There are several key stakeholder alliances in the Australian health sector who are deeply concerned the current state of Australia’s health system. The term “system” however is a gigantic misnomer, since it suggests some level of co-ordination, while the reality is that the so-called system is in fact a series of many thousands of disconnected programs.


The recent National Health Reform Summit, convened by the Australian Health Care Reform Alliance called for all governments to move to work collaboratively to improve the delivery of safe, affordable, equitable, and efficient health services and commit to a program of reform that acknowledges health care as a human right and will meet the needs of the Australian community into the future.

The development of a national health policy to ensure coherent national health services planning is a key recommendation. What is the vision for the Australian health sector for the next 10, or 20, years? How can we do anything other than “putting out fires” without a national plan?

As recognised by Labor, a national health reform commission is also required, as an independent body, to monitor policy and standards and outcomes for all aspects of health services, including workforce, and regularly report its findings publicly. Cost shifting can only be overcome if the many disparate sources of federal and state public health funds are pooled, and then distributed throughout the jurisdictions according to need. This would ensure not only accountability, but improve administrative efficiency, make services more cost effective, and ensure a seamless transition between all of the services provided for a single individual.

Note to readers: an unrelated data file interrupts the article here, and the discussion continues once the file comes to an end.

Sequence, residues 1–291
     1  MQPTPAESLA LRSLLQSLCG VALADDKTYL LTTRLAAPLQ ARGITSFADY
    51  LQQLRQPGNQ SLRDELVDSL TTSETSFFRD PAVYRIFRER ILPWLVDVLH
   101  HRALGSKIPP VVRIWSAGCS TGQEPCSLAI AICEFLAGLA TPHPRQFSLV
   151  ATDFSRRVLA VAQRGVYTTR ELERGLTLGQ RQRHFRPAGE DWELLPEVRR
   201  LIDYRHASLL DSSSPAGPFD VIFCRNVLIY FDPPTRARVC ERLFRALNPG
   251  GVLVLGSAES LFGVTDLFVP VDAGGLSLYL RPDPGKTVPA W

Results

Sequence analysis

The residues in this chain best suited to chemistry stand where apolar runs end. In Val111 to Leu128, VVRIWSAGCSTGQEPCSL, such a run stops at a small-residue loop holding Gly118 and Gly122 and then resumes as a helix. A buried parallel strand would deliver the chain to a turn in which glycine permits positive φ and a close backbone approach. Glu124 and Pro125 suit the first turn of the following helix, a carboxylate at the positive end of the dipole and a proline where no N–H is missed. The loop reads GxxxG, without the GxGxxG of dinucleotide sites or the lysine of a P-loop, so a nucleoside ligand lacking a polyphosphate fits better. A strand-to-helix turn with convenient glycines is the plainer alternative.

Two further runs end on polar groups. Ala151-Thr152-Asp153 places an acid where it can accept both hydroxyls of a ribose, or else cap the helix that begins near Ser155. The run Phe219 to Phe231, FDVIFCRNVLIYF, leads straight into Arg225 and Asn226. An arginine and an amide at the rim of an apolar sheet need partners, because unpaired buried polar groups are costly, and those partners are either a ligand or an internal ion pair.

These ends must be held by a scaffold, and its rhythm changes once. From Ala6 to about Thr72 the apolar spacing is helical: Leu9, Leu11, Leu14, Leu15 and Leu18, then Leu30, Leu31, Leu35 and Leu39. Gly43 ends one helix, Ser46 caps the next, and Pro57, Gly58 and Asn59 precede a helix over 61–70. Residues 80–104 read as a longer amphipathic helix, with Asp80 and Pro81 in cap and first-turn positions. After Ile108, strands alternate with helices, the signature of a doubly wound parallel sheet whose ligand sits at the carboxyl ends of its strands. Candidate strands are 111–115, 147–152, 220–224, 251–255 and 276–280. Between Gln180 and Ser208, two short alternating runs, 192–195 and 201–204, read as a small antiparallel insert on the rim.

Eighteen key recommendations agreed by the members of the alliance accompany the summit’s communiqué (PDF 39 KB) as further details of necessary reforms.

All health professionals are working hard to deliver the best possible care with the resources available to them. But the complex nature and inefficient structure of the “system” is working against them. The ALP’s recent announcements are the first sign, in this election campaign, that someone in Canberra has the vision to take a positive first step towards a better, more efficient, health system.

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An edited version of this article was first published in The Weekend Australian on September 15, 2007.

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About the Author

Fiona Armstrong is a Melbourne based public policy analyst and commentator. She has a background in health policy and is an active campaigner for health reform in Australia. A longstanding environmentalist, she has recently turned her attention to climate policy.

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Creative Commons LicenseThis work is licensed under a Creative Commons License.